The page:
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Graham tried the climbing wall.

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Just… no comment. Graham was so excited to see the Wienermobile, and it just makes me sad right now. Things are just not how they should be, and it all feels pretty unfair. But I, like any mother would, pushed it down and mugged for the camera.

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He makes a pretty cute hot dog.

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Reid and Andy searched for food. Free hot dogs! Free mustard! (Ketchup? $10) See what I mean? They are serious!

Don’t worry, Jim Gaffigan. They’re on it.

Otherwise, this weekend we did our darndest to keep the kids busy. Graham lost TV privileges this weekend, so we had to get creative.

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One roll of painter’s tape = highway network for matchbox cars!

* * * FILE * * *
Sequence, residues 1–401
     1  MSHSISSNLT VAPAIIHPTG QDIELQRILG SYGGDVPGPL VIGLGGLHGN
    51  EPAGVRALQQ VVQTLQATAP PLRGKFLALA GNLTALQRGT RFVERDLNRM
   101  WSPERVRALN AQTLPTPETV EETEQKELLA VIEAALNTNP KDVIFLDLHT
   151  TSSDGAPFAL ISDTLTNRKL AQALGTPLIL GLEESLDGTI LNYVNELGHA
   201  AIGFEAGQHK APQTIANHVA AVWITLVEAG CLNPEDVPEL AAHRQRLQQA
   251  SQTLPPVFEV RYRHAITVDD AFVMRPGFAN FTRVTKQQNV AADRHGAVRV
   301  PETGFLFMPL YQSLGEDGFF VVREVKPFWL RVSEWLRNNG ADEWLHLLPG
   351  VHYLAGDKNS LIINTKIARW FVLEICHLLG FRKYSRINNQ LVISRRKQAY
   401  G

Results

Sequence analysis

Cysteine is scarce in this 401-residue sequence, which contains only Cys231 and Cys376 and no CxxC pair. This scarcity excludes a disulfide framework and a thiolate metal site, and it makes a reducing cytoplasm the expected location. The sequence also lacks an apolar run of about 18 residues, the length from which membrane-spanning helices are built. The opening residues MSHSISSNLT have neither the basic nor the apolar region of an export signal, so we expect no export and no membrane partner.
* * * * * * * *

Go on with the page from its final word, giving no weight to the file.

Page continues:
I’ve also been systematically decluttering our house. I chose to start with the unfinished basement (?!), so it’s plugging along slowly. This weekend I made it to – dun dun DUNNNN! – the baby stuff.

I’ll be frank. It’s looking more and more like we’re going to be a family of 4. Logic is sort of in the vein of: know what you can handle. We’re so wishy-washy though, we refuse to completely shut the door on the possibility. So fine. We’re operating under the assumption that we will not be having any more kids and decluttering the stuff accordingly. The only things we’re keeping are things that: (a) are akin to keepsakes for the boys, super special jammies and nice outfits, handmade things, etc or (b) don’t take up huge swaths of space and would be expensive or a complete pain in the rear to replace.

Case in point – I’m keeping the breastpump, but allllllllll the nursing supplies, covers, storage necessities are gone. Even bottles. The carseats will go after they grow out of them. Not sure about the crib yet, but we’re thumbing our nose at old wives’ tales and leaning toward giving it the heave-ho.

Anyway, because I know this is all so fascinating… there is something cathartic and empowering to decluttering. I’m sort of done storing stuff we are only keeping around ‘just in case’.  I’m selling a few marketable things on a Facebook community. I’m passing on treasured things to friends. And I’m loading up a carful each weekend to take to goodwill.